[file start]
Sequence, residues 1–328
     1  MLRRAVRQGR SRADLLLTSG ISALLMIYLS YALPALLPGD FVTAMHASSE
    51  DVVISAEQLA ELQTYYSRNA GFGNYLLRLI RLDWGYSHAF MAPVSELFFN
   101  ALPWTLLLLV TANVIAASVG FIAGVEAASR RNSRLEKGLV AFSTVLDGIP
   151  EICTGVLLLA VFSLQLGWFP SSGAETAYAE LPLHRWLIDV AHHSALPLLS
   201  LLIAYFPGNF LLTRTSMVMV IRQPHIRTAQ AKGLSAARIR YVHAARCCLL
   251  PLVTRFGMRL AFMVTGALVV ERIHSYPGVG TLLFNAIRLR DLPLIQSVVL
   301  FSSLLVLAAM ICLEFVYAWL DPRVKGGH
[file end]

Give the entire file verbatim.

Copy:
Sequence, residues 1–328
     1  MLRRAVRQGR SRADLLLTSG ISALLMIYLS YALPALLPGD FVTAMHASSE
    51  DVVISAEQLA ELQTYYSRNA GFGNYLLRLI RLDWGYSHAF MAPVSELFFN
   101  ALPWTLLLLV TANVIAASVG FIAGVEAASR RNSRLEKGLV AFSTVLDGIP
   151  EICTGVLLLA VFSLQLGWFP SSGAETAYAE LPLHRWLIDV AHHSALPLLS
   201  LLIAYFPGNF LLTRTSMVMV IRQPHIRTAQ AKGLSAARIR YVHAARCCLL
   251  PLVTRFGMRL AFMVTGALVV ERIHSYPGVG TLLFNAIRLR DLPLIQSVVL
   301  FSSLLVLAAM ICLEFVYAWL DPRVKGGH